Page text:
Category `New Hampshire Statutes`

Introduction to New Hampshire Statutes

Statutes are published in three forms: first as slip laws, then as session laws, and finally as statutory codes. The statutory code is the version that most library patrons are familiar with. The NH code is called the Revised Statutes Annotated and is available in print and online. The code is divided broadly by subject into Titles, Chapters, Sections, and smaller sections as needed.  

Abbreviations

There are rules about how a statute should be referred to ("cited") in formal documents, but you may see the Revised Statutes Annotated abbreviated several ways:   

R.S.A.

N.H. R.S.A. or

N.H. Rev. Stat. Ann.

For example, a reference to the RSA on drivers’ licenses - Chapter 263, section 42, paragraph one - looks like this:  

RSA 263:42, I

N.H. R.S.A. 263:42, I or 

N.H. Rev. Stat. Ann. 263:42, I         

Revised Statutes Online

The free online version of NH’s statutory code is titled “Revised Statutes Online.” Note the “updated” information at the top of the screen. The Revised Statutes Online is updated once a year in the fall. Any changes made during a legislative session will not appear until then. The website explains how to check for changes in the statutes. Patrons will have to go to the Bill Text Search  and search there for any changes.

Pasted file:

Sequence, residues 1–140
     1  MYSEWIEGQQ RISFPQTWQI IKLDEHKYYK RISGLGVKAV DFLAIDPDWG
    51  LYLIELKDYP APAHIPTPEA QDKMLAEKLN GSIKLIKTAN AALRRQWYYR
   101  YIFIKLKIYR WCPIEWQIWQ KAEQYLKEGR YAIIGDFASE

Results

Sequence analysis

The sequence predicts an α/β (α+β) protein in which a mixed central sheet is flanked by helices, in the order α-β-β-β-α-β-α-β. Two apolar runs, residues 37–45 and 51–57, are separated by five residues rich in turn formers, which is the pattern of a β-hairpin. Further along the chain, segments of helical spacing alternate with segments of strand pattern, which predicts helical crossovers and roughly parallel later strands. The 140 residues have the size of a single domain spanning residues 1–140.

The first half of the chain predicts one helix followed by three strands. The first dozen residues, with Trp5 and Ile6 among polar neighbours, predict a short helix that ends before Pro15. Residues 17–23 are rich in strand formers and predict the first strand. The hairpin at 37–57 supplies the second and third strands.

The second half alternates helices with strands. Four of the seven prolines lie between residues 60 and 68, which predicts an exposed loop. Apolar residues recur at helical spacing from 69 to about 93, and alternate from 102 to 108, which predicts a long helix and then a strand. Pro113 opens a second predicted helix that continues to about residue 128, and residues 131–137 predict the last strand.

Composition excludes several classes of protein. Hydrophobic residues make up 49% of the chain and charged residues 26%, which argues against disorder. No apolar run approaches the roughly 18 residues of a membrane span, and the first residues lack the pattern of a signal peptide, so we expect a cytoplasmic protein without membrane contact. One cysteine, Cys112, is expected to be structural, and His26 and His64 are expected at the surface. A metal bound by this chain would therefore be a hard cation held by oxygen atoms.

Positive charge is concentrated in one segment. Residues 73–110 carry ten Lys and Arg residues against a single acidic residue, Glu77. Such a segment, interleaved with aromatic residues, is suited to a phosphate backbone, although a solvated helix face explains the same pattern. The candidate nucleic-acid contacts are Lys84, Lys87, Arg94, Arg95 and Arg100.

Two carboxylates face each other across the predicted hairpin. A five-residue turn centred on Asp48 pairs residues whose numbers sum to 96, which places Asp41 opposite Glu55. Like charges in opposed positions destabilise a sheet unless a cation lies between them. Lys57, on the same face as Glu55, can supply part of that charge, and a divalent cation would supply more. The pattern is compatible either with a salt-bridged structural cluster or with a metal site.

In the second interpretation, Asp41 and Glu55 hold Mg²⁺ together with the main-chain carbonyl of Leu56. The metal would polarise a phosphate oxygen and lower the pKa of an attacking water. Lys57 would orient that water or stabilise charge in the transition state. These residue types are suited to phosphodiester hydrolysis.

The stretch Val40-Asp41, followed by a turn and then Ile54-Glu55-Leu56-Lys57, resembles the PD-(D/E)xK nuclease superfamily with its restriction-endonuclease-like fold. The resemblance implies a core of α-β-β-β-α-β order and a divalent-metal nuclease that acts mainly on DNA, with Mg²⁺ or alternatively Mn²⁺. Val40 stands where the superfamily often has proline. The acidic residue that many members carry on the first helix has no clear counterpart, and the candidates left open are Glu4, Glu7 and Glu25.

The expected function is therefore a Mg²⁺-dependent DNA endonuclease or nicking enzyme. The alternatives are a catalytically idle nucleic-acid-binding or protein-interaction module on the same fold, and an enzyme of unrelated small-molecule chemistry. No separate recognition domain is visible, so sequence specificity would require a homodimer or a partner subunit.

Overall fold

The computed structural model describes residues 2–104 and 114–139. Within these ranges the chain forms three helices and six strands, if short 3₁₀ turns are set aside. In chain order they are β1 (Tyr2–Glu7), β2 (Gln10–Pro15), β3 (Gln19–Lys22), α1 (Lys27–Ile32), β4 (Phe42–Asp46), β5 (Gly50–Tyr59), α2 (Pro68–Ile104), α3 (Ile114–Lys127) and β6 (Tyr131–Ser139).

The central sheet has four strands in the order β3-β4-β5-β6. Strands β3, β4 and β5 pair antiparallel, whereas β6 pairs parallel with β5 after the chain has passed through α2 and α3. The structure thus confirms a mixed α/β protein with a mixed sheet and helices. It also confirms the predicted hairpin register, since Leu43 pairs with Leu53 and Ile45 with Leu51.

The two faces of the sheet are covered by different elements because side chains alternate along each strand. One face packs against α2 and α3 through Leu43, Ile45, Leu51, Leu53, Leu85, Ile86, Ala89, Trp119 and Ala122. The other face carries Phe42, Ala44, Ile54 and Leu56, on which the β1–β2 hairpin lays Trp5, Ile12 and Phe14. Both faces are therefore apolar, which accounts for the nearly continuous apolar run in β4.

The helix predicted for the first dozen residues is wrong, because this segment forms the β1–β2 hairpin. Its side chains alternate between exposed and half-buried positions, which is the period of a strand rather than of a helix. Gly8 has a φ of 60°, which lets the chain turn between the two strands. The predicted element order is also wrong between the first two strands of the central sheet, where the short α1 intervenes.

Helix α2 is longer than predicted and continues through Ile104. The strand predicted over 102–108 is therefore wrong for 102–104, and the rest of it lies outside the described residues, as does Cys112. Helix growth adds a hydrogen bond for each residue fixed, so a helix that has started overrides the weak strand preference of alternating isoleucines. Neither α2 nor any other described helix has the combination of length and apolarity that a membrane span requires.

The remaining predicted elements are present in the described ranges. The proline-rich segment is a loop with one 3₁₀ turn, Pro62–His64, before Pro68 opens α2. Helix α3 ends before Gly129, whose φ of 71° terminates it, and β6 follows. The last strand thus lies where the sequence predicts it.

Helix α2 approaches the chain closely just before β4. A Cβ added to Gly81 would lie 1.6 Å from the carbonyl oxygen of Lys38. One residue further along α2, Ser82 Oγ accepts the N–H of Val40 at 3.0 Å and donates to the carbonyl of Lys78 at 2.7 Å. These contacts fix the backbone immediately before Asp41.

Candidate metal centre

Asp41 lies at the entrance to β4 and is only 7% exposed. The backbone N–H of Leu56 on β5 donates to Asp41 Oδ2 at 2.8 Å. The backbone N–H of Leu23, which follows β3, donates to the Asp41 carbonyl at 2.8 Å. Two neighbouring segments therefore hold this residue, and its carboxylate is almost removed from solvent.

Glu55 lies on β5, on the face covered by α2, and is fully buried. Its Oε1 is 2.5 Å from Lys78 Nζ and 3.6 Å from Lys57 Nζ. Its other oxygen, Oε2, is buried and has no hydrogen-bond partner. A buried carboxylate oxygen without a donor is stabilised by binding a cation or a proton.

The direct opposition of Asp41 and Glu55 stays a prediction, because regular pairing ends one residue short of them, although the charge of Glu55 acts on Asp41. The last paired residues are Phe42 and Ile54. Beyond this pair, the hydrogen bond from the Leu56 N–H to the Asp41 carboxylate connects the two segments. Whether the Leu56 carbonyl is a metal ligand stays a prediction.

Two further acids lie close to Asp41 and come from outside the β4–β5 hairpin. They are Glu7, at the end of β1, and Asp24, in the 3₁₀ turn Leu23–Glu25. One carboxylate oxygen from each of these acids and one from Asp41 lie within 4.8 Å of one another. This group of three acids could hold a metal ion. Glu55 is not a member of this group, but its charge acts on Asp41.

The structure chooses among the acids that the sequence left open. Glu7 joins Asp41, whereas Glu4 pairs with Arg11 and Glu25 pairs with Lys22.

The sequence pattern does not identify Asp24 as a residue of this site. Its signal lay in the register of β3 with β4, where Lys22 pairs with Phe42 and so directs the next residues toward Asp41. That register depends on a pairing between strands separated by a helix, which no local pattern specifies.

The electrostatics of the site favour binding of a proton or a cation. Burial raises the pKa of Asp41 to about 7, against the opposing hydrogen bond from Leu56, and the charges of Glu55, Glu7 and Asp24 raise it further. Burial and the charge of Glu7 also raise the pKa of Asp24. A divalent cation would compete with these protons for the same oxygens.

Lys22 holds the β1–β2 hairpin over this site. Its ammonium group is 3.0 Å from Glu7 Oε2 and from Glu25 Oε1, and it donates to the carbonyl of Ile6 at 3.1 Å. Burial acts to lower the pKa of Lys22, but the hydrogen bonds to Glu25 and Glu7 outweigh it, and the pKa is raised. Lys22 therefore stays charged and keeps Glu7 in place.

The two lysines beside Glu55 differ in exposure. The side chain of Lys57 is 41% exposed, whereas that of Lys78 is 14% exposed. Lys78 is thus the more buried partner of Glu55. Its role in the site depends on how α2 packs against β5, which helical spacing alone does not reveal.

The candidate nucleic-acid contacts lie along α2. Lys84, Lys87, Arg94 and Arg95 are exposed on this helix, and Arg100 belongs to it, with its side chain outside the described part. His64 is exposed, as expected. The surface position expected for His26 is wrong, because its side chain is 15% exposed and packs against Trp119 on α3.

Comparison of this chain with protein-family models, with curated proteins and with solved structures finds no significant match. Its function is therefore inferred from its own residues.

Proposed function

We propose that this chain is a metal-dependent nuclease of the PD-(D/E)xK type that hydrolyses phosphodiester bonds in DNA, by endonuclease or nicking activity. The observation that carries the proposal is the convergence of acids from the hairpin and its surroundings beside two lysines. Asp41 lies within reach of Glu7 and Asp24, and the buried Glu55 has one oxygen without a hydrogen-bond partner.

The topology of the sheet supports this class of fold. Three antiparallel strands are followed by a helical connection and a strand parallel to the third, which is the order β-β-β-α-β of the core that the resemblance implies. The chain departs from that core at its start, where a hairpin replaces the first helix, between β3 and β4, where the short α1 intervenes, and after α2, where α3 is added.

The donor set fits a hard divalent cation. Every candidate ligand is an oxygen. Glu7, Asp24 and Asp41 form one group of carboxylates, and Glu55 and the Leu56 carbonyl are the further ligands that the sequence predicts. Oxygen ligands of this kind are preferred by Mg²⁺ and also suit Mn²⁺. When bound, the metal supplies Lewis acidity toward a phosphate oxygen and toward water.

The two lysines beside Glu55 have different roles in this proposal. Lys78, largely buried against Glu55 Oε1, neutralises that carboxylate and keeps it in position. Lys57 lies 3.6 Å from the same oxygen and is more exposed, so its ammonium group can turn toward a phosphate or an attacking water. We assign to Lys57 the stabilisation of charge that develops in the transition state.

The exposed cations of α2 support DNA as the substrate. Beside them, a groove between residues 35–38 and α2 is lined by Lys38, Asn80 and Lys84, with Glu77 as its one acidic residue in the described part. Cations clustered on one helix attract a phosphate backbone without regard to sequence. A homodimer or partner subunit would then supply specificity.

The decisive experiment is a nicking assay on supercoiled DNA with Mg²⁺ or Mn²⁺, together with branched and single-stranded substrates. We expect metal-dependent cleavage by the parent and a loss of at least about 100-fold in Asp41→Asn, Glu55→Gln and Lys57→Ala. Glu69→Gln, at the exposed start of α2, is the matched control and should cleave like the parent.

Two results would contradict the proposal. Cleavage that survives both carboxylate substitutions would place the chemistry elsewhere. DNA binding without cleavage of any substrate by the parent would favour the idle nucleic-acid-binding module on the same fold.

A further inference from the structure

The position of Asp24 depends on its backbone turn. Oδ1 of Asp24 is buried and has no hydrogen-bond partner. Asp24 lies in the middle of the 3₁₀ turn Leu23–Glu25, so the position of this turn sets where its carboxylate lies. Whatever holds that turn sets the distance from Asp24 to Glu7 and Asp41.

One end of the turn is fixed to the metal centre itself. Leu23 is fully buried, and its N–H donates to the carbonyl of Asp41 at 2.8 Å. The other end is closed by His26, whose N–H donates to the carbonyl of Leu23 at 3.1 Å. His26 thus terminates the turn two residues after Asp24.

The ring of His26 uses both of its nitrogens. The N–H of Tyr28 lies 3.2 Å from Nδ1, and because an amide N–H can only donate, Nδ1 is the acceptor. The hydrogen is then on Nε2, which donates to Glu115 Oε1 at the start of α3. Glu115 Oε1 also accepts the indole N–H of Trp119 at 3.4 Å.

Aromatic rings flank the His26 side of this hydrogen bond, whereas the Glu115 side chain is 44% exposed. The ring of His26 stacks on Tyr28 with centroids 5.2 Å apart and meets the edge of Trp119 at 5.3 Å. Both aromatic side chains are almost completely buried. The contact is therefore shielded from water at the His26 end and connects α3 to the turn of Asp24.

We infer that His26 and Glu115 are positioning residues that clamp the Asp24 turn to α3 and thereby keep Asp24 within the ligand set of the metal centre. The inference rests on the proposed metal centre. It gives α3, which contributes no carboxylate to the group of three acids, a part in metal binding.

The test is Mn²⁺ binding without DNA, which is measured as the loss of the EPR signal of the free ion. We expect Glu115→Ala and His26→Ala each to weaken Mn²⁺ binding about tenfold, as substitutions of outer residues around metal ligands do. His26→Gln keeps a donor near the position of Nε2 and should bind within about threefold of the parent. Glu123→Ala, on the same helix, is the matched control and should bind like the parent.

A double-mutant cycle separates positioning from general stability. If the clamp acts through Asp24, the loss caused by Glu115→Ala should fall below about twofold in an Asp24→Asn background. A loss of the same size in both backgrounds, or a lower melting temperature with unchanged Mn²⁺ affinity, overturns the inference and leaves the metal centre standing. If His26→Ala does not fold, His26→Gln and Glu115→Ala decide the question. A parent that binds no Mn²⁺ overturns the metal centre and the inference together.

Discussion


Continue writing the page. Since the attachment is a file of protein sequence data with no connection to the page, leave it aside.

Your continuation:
If you have a citation to a statute (RSA 263:42), use the “browse the index of titles” option. Scroll down the page until you come to the hyperlinked title where your chapter is located, then click on that link. For example, RSA 263:42 is found in Title XXI: Motor Vehicles. You’ll see the Table of Contents for the Title.

Practice Tip

Context is very important in statutes because they’re arranged by subject. The prior or subsequent chapter or section may be relevant to the search. This is one reason why we like to use the browse index instead of the full-text search. Patrons must drill down through the statute and will see their section in context. 

From the Title TOC, click on the appropriate chapter: Chapter 263: Drivers’ Licenses. You’ll see another Table of Contents, this time for the Chapter. You can click the individual section links, but if you click the chapter link at the top of the page, you will see the chapter in its entirety (context again!). Use Ctrl F to find the specific section or just scroll down the page.